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The Real Science of Hypoglycemia PART 2

Although hypoglycemia affects both types of diabetics, episodes are much more common and frequent in Type I diabetics.
Untitled Document Hypoglycemia causes the body to respond with number of counterregulatory hormones.[i] [ii] Their most likely sequence of hormonal activation are glucagon, epinephrine and then if hypoglycemia is severe or prolonged cortisol and growth hormone.[iii] [iv]

The first, glucagon is a hormone produced in the alpha cells in the pancreas. When secreted it will activate a release of stored sugar in the form of glycogen, which is converted to glucose through a process called glucogenesis or glycogenolysis raising blood sugar.[v]

The next is epinephrine; it acts through similar pathways to elevate glucose levels through increased hepatic glucose production, gluconeogenesis, and also through decreased insulin secretion and glucose disposal.[vi] [vii] There is a release of another hormone related to epinephrine called norepinephrine.[viii] They both function as vasoconstrictors increasing blood pressure, cardiac output, and diverting blood flow from the extremities to the brain and major organs.[ix] [x] [xi] [xii] This vasoconstrictive effect may be more profound in diabetics with even a mild degree of nephropathy.[xiii] These aforementioned conditions may also be associated with a decrease in surface body temperature.[xiv] [xv]

The remaining two, cortisol and growth hormone work more on the level of reducing glucose uptake thus increasing blood sugar.[xvi] [xvii] Most of the time these defense mechanism do not engage soon enough to prevent the hypoglycemia from occurring due to some of type defect that seems to be more common in Type I diabetes.[xviii] [xix]

It appears that the glucagon release is delayed and possibly reduced from impaired alpha cell release.[xx] [xxi] This effect may be even more prominent in children with Type I diabetes.[xxii] This may be partially explained from the result of collateral damage caused by the autoimmune attack that effects the beta cells in the same islet in Type I diabetes.[xxiii] These hormone releases continue to increase blood glucose till it plateaus anywhere between two to eight hours after the event causing hyperglycemia, but it could last longer depending on several factors that will be explored.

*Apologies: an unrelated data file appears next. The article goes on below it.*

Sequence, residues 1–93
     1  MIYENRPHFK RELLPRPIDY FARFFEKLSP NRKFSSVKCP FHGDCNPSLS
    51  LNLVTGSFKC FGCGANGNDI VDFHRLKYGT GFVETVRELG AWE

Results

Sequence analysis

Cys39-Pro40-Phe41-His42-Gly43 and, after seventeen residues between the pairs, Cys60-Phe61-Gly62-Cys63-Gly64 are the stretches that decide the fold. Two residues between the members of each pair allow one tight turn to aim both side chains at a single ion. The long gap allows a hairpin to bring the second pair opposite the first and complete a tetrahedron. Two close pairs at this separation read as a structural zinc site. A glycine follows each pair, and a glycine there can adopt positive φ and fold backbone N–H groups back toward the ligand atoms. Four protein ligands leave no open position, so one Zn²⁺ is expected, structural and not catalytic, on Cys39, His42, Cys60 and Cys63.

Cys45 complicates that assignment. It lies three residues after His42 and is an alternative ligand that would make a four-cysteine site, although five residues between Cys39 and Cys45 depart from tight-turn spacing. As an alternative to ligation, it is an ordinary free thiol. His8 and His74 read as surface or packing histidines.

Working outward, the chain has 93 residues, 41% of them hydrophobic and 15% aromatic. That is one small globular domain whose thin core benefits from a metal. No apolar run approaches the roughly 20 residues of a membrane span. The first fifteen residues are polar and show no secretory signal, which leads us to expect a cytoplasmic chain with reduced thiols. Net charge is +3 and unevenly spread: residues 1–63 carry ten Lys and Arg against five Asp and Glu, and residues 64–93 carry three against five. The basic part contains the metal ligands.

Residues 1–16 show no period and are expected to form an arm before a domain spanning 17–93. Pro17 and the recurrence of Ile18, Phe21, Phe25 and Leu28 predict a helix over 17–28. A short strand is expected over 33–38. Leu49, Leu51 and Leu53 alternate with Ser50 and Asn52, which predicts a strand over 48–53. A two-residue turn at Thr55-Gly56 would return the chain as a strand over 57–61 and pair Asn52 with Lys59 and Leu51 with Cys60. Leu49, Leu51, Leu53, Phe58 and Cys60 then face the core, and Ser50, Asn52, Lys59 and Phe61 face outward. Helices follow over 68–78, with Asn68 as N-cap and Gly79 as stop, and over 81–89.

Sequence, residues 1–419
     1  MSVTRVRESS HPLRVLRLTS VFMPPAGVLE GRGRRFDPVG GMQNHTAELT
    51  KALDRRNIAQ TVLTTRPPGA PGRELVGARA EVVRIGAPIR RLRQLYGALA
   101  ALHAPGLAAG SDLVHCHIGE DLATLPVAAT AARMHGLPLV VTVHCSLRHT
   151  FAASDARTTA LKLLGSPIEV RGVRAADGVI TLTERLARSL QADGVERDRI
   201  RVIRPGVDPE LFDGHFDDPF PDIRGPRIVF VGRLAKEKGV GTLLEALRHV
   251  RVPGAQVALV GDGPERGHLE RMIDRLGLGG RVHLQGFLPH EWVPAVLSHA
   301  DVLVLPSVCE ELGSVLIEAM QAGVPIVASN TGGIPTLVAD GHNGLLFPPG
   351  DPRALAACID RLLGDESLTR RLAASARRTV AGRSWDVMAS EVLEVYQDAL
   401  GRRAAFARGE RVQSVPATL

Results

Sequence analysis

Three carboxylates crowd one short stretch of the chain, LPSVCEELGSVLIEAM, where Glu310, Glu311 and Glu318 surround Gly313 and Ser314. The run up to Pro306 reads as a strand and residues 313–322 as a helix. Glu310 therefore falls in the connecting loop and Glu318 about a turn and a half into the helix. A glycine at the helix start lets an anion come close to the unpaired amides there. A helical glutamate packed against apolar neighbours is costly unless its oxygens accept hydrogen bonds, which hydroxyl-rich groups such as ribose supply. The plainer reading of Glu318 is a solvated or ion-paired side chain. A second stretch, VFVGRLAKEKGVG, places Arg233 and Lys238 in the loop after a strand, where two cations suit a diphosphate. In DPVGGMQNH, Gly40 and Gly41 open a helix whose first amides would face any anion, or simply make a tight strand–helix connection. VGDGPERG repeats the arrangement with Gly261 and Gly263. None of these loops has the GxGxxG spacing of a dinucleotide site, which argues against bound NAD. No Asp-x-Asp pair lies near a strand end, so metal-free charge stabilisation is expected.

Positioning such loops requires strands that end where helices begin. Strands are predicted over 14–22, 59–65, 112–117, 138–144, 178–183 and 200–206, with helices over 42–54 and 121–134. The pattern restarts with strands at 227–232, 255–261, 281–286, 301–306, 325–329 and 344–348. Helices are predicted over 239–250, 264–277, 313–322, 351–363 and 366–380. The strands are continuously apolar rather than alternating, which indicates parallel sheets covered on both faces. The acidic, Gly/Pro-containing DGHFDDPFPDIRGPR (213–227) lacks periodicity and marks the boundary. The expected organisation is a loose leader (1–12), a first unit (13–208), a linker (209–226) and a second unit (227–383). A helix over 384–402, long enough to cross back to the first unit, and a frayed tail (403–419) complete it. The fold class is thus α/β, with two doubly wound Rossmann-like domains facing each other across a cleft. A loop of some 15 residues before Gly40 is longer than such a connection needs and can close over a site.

This is called the Somogyi effect, post hypoglycemia hyperglycemia.[xxiv] These rebounds, as they are also referred to as, can happen anytime blood glucose drops below 70mg/dl and are usually responsible for wide swings in blood sugar levels.

In some diabetics, even before any type of hypoglycemic symptoms are experienced, counterregulatory hormones may already be activated. There are several variables that can effect hypoglycemic awareness such as actual postural position or intensive insulin therapy. Almost any angle of a reclined position will begin to decrease hypoglycemic awareness.[xxv] Also, studies show that the threshold required for hormonal release and hypoglycemic detection can be altered by tight glycemic control.[xxvi] Continued hypoglycemic incidents can decrease awareness, but this can be corrected through the elimination or reduction of hypoglycemic episodes.

There is some evidence that suggests that depending on how far blood sugar falls below 70mg/dl there is an inversely proportional amount of counterregulartory response.[xxvii] [xxviii] Glucagon and epinephrine usually begin to get released between 65-70mg/dl, while growth hormone and cortisol require slightly lower values from 55-65mg/dl.[xxix]

As blood sugar falls more tiers get activated, so the lower and possibly longer the blood sugar remains at that level the higher the blood sugar rebound value will be. There are other studies eluding to a recalibration of the response curve of counterregulartory hormones from tight blood glucose control that frequently causes blood sugar values to fall between 50 to 65mg/dl.[xxx] This seems to allow for a lower threshold to be reached in hypoglycemic incidents before a hormone release is initiated.[xxxi]

Sometimes counter regulatory hormones can be stimulated by a dramatic decrease in blood sugar occurring within a very short period of time.[xxxii] For this situation to occur it will usually require a drop of several hundred points in less than an hour to a fasting value. This can happen from the result of several different scenarios, but a combination of a large insulin injection and exercise might be the most common.

There may also be an opportunity to reduce or even avert a full counterregulartory response caused by hypoglycemia. There is a window that might remain open possibly up to 30 minutes from the time blood sugar drops below the threshold till glucagon is released.

If the hypoglycemia is detected and immediately addressed with one or several potential glucagon inhibitors the rebound could be curtailed. Although there are a number of different types of inhibiting agents, most of them are prescription drugs and hormones, which are not practical to use. Insulin and somatostatin are very potent inhibitors of glucagon, but they can only be delivered through injection and it is also not realistic to give someone suffering from hypoglycemia more insulin. The uses of somatostatin, which does have some benefits, could hinder the recovery process.[xxxiii] The few that might be of benefit and can be used on a repeated basis are calcium, magnesium, ibuprofen and antihistamines.[xxxiv] [xxxv] [xxxvi]